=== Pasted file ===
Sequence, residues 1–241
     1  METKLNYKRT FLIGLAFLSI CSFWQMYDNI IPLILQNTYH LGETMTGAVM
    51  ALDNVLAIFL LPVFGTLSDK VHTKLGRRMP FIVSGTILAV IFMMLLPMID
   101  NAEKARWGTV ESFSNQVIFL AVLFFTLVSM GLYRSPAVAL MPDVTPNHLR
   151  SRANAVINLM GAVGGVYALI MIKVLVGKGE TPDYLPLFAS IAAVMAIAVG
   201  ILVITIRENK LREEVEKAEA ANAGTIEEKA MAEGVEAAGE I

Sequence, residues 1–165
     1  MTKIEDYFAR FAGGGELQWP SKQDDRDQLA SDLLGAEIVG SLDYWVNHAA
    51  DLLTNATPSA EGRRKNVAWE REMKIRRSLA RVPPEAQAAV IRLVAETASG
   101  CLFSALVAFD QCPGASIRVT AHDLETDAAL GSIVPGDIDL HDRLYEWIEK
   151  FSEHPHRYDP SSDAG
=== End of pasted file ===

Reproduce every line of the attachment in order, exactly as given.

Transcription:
Sequence, residues 1–241
     1  METKLNYKRT FLIGLAFLSI CSFWQMYDNI IPLILQNTYH LGETMTGAVM
    51  ALDNVLAIFL LPVFGTLSDK VHTKLGRRMP FIVSGTILAV IFMMLLPMID
   101  NAEKARWGTV ESFSNQVIFL AVLFFTLVSM GLYRSPAVAL MPDVTPNHLR
   151  SRANAVINLM GAVGGVYALI MIKVLVGKGE TPDYLPLFAS IAAVMAIAVG
   201  ILVITIRENK LREEVEKAEA ANAGTIEEKA MAEGVEAAGE I

Sequence, residues 1–165
     1  MTKIEDYFAR FAGGGELQWP SKQDDRDQLA SDLLGAEIVG SLDYWVNHAA
    51  DLLTNATPSA EGRRKNVAWE REMKIRRSLA RVPPEAQAAV IRLVAETASG
   101  CLFSALVAFD QCPGASIRVT AHDLETDAAL GSIVPGDIDL HDRLYEWIEK
   151  FSEHPHRYDP SSDAG